Verse Translations From Modern German Poetry -- By: James Lindsay
BSac 59:233 (Jan 1902) p. 162
Verse Translations From Modern German Poetry
It was no less a man than the late Mr. Gladstone who wrote, that “the whole of German literature may be said to lie between the years embraced by the life of Goethe.” A strange judgment! How much it overlooks, including Heine and the noble host of modern lyrical poets of Germany! And poetry has no purer form of being, than when it is lyrical. Head and chief of that brilliant host stands Heinrich Heine. For brevity, wit, pathos, subjectivity, brilliance, and nameless charm, Heine is absolutely without a peer. Latest in time of the Romantic poets of Germany, he is first in rank. The Romantic School was, he tells us, “nothing else than the re-awakening of the poetry of the Middle Ages, as it had been manifested in song, in painting and sculpture, in art and life. But this poetry sprang directly from Christianity; it was a passion-flower that had its roots in the blood of Christ.” Intensely self-conscious was Heine—self-exhibitive to the last degree— amid his poignant griefs. But yet he was not without love that linked him to humanity, even when he was most cynical and scornful. This love he enshrined in his poetry in ways so lyrically pure as to excel the works of Byronic art.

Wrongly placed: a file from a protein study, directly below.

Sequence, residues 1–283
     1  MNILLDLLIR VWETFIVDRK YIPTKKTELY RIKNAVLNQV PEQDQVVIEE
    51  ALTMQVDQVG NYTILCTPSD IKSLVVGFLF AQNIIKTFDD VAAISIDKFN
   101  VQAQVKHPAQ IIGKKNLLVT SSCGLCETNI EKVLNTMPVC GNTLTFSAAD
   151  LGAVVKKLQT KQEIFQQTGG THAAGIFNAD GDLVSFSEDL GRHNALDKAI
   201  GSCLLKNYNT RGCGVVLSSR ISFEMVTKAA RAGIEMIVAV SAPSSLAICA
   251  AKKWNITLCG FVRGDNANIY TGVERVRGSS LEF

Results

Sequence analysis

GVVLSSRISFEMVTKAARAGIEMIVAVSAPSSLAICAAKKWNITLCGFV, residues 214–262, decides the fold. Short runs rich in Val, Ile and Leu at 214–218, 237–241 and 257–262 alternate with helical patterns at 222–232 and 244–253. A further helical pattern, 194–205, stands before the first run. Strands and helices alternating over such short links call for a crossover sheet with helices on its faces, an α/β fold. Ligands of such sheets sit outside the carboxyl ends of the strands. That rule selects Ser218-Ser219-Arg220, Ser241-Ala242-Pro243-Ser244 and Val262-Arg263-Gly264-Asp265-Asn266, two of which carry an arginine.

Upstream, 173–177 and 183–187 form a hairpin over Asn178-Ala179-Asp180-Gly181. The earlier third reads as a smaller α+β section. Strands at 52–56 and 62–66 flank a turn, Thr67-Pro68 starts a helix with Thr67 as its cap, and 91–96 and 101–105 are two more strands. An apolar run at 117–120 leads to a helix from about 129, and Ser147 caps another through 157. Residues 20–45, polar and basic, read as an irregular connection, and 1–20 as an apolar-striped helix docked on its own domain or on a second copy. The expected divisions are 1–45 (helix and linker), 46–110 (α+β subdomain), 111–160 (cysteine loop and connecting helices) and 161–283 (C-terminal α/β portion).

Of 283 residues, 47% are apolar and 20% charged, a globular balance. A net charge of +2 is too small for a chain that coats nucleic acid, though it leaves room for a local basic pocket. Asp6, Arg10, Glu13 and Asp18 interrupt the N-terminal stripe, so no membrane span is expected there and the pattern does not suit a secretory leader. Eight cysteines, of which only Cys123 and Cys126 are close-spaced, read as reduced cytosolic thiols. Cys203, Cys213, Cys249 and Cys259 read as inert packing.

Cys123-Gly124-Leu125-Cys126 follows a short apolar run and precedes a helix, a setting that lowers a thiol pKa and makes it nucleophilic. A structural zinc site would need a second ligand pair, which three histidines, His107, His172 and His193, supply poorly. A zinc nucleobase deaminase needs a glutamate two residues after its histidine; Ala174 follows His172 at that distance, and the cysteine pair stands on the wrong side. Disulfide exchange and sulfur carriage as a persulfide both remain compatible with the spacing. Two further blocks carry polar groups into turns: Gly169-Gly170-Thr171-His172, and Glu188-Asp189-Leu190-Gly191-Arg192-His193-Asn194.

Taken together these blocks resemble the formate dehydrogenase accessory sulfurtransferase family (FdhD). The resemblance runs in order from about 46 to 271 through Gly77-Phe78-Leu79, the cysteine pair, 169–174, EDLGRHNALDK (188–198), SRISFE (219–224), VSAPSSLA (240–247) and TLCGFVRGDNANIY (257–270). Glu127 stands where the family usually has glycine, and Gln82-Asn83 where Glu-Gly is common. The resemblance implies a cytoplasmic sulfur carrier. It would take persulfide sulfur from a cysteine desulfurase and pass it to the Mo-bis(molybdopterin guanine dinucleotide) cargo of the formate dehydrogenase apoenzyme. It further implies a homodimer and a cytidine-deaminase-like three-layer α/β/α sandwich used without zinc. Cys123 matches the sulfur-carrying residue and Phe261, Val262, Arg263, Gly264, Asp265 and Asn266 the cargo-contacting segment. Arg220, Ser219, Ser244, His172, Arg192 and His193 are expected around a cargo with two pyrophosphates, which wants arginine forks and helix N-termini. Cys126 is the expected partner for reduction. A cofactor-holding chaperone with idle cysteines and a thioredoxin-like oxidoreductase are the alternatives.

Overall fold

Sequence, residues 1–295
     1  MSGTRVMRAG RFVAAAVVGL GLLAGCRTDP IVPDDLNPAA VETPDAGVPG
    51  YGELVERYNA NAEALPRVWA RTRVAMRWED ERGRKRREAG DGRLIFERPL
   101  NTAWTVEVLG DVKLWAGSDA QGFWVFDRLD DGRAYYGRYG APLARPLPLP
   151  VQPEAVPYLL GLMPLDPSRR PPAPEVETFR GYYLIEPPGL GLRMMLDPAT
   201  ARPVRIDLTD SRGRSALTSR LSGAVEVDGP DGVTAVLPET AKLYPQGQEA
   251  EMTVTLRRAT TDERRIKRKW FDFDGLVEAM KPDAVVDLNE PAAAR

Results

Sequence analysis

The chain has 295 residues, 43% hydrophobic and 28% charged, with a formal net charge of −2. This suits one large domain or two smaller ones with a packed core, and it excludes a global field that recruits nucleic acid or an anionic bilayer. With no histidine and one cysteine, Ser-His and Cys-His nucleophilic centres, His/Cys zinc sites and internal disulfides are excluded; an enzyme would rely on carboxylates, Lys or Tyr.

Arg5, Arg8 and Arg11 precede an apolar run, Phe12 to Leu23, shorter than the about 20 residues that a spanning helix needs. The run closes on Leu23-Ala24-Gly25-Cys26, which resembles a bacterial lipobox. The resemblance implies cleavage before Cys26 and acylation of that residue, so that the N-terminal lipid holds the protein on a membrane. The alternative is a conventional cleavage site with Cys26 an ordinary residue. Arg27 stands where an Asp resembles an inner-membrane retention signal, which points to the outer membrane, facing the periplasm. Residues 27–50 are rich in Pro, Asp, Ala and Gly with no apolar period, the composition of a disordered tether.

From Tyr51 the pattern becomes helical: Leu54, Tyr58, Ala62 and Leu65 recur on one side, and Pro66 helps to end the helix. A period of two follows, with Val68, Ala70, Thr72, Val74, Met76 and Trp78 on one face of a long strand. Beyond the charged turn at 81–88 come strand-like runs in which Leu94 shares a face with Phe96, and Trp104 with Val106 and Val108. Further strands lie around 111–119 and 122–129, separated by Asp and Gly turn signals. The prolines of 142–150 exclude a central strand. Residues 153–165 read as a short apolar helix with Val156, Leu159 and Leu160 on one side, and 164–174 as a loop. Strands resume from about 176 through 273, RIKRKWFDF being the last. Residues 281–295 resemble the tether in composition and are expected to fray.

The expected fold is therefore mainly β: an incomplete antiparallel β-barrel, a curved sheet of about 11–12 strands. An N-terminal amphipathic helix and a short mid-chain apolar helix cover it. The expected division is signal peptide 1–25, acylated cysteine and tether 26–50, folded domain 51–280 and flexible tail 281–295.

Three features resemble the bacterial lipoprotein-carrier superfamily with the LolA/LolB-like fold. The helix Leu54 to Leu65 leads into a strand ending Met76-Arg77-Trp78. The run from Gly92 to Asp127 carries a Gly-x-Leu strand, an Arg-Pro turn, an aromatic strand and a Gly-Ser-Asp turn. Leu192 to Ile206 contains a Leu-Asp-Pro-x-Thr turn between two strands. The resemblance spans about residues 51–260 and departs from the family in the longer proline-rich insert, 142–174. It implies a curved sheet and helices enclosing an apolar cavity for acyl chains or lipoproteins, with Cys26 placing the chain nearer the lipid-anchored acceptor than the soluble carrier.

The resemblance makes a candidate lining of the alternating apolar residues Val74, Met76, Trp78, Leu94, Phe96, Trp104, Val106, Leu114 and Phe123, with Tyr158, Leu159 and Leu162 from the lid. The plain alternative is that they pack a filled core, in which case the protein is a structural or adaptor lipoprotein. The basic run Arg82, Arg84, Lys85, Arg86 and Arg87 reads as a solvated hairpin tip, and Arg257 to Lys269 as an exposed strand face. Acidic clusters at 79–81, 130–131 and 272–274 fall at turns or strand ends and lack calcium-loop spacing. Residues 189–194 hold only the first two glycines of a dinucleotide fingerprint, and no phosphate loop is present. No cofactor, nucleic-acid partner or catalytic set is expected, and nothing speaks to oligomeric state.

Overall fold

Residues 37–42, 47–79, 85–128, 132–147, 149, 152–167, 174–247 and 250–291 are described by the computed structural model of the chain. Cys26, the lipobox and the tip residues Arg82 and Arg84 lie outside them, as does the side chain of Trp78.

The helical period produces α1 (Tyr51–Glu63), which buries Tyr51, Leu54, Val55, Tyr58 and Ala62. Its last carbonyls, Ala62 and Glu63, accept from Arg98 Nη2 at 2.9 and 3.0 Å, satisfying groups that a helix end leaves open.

“So ever on I went for love, and ever,
And still for love, yet Love approached me never.”
Heine’s diction is simplicity itself; his expression precision itself; his melody perfection itself; he has a fondness for strong antitheses and sharp transitions. The weird
BSac 59:233 (Jan 1902) p. 163
and the melancholic are often found in him, and, as might be expected, a vein of German idealism is sometimes present. But in Heine there is passion, too, at times without any proper lyrical place. The following are characteristic of Heine. The tiny poem, “Like a Flower Thou Art,” may be thus rendered: —
“Ah, like a flower to me thou art— So sweet and fair and pure in grace; I gaze on thee, and in my heart A sadness strange creeps on apace.
“For ‘tis to me as though mine hands Were on thy head in blessing laid, I pray that of God’s love the bands May keep thee pure and fair and staid.”
The same simplicity and subjectivity, and the like individuality, mark Heine’s little poem, “Thou Lovely Fisher Maid”:—
“Thou lovely fisher maid,
Thy craft draw here to land;
Come, sit as in a glade,
And talk we, hand in hand.
“Lay on my heart thine head,
And fear thee here no more;
Thy trust as free from dread
As when thee billows bore!
“My heart is like the sea,
Hath storm and ebb and flood...
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